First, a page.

New Center Consulting, Inc. has been nominated by customers for accreditation by the Better Business Bureau, a non-profit organization that investigates companies before accreditation is granted and acts as arbitrator for unresolved issues between consumers and accredited businesses. To see if your provider of upgrades and repairs is accredited go to www.bbb.org. For more information about New Center Consulting, Inc.’s growing line of products, call Glenn Hartshorn, 888-452-3748.
Imagine what a $5,000 makeover could do for your redemption counter! That’s the prize in a joint promotion by Redemption Plus, the leading provider of redemption prizes and training, and Innovative Concepts in Entertainment, a leading maker of coin-op products. No purchase necessary, no obligation. Just visit www.Redemption Plus.com/PrizeGiveaway to sign up through Dec. 17, 2010. Winner will be announced Jan. 4, 2011. For more information, visit RedemptionPlus.com or call 888-564-7587.
QubicaAMF Tech Support Customer Portal is designed to be a self-help area for customers. Whether it’s for routine maintenance, training a new employee, troubleshooting a problem or identifying a part to order, we know that when you need information, you need it fast. And we know you are busy so we’re making it available to you 24/7, at your fingertips. Log on to www.customerport al.qubicaamf.com to register today for your chance to win a $100 Visa Gift Card.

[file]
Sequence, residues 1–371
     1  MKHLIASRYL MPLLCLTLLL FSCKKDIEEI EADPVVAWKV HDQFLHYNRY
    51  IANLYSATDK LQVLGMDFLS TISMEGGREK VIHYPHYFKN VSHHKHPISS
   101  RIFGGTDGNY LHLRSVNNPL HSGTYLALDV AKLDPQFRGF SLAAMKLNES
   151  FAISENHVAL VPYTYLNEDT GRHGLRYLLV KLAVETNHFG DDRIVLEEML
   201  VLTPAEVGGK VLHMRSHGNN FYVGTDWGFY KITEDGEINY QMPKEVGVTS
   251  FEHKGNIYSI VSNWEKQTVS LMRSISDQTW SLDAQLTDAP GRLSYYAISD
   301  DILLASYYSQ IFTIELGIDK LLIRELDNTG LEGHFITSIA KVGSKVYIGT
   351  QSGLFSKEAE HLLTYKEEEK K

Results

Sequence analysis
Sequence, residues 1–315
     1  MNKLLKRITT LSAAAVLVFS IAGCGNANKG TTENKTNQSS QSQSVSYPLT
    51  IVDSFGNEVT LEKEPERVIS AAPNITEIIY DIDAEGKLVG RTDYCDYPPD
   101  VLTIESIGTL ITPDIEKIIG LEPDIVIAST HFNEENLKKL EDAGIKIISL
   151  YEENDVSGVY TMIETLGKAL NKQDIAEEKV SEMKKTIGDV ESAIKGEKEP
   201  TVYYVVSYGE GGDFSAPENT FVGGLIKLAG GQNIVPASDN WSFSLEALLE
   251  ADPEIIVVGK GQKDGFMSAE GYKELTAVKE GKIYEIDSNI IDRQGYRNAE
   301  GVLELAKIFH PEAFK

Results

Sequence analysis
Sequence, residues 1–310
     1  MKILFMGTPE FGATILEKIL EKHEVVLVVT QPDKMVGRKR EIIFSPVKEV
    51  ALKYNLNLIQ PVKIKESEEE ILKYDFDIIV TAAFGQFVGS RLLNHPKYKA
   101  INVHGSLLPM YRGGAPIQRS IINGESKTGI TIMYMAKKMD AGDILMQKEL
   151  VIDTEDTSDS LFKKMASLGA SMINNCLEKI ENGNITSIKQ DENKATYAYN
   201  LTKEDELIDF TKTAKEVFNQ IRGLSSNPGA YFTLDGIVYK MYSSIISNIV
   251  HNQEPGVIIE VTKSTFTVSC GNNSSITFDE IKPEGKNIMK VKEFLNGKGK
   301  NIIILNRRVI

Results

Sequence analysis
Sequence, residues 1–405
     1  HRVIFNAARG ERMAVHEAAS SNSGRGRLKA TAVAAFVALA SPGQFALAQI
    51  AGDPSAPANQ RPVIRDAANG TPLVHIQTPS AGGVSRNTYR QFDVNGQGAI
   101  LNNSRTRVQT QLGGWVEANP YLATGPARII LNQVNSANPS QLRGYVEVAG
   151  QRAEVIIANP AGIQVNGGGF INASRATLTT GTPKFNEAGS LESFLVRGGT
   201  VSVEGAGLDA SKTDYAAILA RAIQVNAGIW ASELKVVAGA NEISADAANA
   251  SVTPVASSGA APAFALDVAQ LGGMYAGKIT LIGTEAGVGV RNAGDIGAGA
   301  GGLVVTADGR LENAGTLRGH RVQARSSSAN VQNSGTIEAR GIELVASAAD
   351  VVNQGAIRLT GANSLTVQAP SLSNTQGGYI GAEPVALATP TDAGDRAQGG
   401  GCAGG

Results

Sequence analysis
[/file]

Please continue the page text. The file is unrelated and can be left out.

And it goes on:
Brunswick Event Manager is the first special event software designed specifically for the bowling industry to include more features and automatic integration with your reservation and management systems. Brunswick Event Manager will help you streamline the event management process and create a more consistent customer experience to drive increased customer satisfaction and center profitability. For more information, go to brunswickbowling.com/products or contact your Brunswick Representative, call 800-YES-BOWL or 231-725-4966. 36
IBI December 2010
In-season is an ideal time to modernize your lanes with Brunswick Pro Lane or Anvilane. Brunswick installers work around your business hours, so you can provide uninterrupted bowling throughout the modernization process. Every step is completed with the utmost care to maintain a safe and welcoming environment. Your league bowlers see and experience the investment you are making in their center. For more details, call your Brunswick representative, (800) YES-BOWL or (231) 725-4966.